We had a visitor from Intel a month ago.
One question from him was "What could you do if we gave you a server 2 years from now that had 16TB of memory"
I went.... Eh... using Java....?
2 years is maybe unrealistic, but you can already get some quite acceptable prices even on servers in the 100GB memory range now if you buy in larger quantities (30-50 servers and more in one go).
I don't think it is unrealistic that we will start seeing high end consumer (x64) servers with TB's of memory in a few years and I really wonder were that puts java based software.
On Fri, Jul 1, 2011 at 2:25 AM, Edward Capriolo <firstname.lastname@example.org>
The problem I see with the row cache implementation is more of a JVM problem. This problem is not Cassandra localized (IMHO) as I hear Hbase people with similar large cache/ Xmx issues. Personally, I feel this is a sign of Java showing age. "Let us worry about the pointers" was a great solution when systems had 32MB memory, because the cost of walking the object graph was small and possible and small time windows. But JVM's already can not handle 13+ GB of RAM and it is quite common to see systems with 32-64GB physical memory. I am very curious to see how java is going to evolve on systems with 128GB or even higher memory.
On Thu, Jun 30, 2011 at 12:44 PM, Daniel Doubleday <email@example.com>
Hi all - or rather devs
we have been working on an alternative implementation to the existing row cache(s)
We have 2 main goals:
- Decrease memory -> get more rows in the cache without suffering a huge performance penalty
- Reduce gc pressure
This sounds a lot like we should be using the new serializing cache in 0.8.
Unfortunately our workload consists of loads of updates which would invalidate the cache all the time.
The second unfortunate thing is that the idea we came up with doesn't fit the new cache provider api...
It looks like this:
Like the serializing cache we basically only cache the serialized byte buffer. we don't serialize the bloom filter and try to do some other minor compression tricks (var ints etc not done yet). The main difference is that we don't deserialize but use the normal sstable iterators and filters as in the regular uncached case.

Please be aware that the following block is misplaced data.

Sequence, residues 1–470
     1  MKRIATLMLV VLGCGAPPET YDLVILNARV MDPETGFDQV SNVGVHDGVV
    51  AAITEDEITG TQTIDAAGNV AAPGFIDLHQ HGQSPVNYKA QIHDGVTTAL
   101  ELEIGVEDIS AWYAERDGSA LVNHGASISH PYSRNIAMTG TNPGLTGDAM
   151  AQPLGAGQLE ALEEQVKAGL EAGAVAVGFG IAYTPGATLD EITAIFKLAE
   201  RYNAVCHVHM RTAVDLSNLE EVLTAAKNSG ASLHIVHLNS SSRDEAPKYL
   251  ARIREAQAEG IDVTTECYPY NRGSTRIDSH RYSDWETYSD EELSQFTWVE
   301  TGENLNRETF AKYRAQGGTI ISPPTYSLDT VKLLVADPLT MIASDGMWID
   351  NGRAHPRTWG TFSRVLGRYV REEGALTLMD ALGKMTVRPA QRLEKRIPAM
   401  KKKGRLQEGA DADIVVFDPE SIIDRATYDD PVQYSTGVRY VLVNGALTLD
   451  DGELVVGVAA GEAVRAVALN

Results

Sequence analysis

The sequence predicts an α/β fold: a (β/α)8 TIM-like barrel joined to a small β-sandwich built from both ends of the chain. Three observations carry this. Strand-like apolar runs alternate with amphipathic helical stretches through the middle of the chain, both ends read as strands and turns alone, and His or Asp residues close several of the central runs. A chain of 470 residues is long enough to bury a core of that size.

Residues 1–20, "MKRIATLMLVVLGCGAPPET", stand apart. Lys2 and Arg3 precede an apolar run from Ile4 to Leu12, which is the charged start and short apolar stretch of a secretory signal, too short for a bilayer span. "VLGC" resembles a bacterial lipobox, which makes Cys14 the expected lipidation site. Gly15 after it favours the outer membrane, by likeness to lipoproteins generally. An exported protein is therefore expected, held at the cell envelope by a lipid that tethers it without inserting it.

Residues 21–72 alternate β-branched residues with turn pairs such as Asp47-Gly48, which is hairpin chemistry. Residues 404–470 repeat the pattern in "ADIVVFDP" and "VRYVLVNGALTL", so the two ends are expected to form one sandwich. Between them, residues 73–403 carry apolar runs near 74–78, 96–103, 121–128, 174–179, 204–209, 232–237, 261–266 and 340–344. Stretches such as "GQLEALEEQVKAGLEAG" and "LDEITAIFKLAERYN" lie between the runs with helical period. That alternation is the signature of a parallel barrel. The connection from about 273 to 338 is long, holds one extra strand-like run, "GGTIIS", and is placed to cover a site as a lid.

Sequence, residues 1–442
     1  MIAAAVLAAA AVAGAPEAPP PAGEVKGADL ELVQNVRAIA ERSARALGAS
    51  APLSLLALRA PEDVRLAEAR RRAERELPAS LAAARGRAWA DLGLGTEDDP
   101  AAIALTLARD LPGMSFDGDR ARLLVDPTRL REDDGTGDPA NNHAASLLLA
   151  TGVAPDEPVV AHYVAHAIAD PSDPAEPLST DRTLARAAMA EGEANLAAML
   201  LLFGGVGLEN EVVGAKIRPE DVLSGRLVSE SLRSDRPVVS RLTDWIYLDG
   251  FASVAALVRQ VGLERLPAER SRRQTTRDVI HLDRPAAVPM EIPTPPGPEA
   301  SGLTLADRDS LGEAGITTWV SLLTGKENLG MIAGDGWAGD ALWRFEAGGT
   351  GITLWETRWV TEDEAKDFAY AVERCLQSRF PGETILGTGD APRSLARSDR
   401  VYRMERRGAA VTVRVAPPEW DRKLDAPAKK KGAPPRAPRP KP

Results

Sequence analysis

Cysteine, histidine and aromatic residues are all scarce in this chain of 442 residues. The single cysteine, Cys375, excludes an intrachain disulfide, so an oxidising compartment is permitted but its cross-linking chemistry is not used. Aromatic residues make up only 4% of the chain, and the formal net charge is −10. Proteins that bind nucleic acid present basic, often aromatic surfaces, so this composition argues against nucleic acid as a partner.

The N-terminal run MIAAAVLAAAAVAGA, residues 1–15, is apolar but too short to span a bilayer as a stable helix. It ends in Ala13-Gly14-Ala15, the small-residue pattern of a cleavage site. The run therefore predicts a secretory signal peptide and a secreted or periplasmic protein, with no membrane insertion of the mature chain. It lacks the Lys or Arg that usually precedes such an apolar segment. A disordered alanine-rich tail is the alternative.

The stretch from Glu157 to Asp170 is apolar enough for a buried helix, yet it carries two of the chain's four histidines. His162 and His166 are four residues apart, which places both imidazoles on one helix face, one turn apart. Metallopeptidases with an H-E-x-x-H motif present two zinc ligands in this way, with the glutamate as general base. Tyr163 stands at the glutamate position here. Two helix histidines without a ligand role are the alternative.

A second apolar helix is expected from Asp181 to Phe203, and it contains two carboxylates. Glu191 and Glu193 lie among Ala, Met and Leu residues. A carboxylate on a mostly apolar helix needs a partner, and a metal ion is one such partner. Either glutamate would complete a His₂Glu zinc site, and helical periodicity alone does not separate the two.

So the read path looks like this:
return filter.collectCollatedColumns(memtable iter, cached row iter)
The write path is not affected. It does not update the cache
During flush we merge all memtable updates with the cached rows.
These are early test results:
- Depending on row width and value size the serialized cache takes between 30% - 50% of memory compared with cached CF. This might be optimized further
- Read times increase by 5 - 10%
We haven't tested the effects on gc but hope that we will see improvements there because we only cache a fraction of objects (in terms of numbers) in old gen heap which should make gc cheaper. Of course there's also the option to use native mem like serializing cache does.
We believe that this approach is quite promising but as I said it is not compatible with the current cache api.
So my question is: does that sound interesting enough to open a jira or has that idea already been considered and rejected for some reason?
The G1 collector will help somewhat, however I do not see that really pushing Xmx higher then it is now. HBase has even went the route of using an off heap cache, https://issues.apache.org/jira/browse/HBASE-4018 , and some Jira mentions Cassandra exploring this alternative as well.
Doing whatever possible to shrink the current size of item in cache is an awesome. Anything that delivers more bang for the buck is +1. However I feel that VFS cache is the only way to effectively cache large datasets. I was quite disappointed when I upped a machine from 16GB to 48 GB physical memory. I said to myself "Awesome! now I can shave off a couple of GB for larger row caches" I changed Xmx from 9GB to 13GB, upped the caches, and restarted. I found the system spending a lot of time managing heap, and also found that my compaction processes that did 200GB in 4 hours now were taking 6 or 8 hours.
I had heard that JVMs "top out around 20GB" but I found they "top out" much lower. VFS cache +1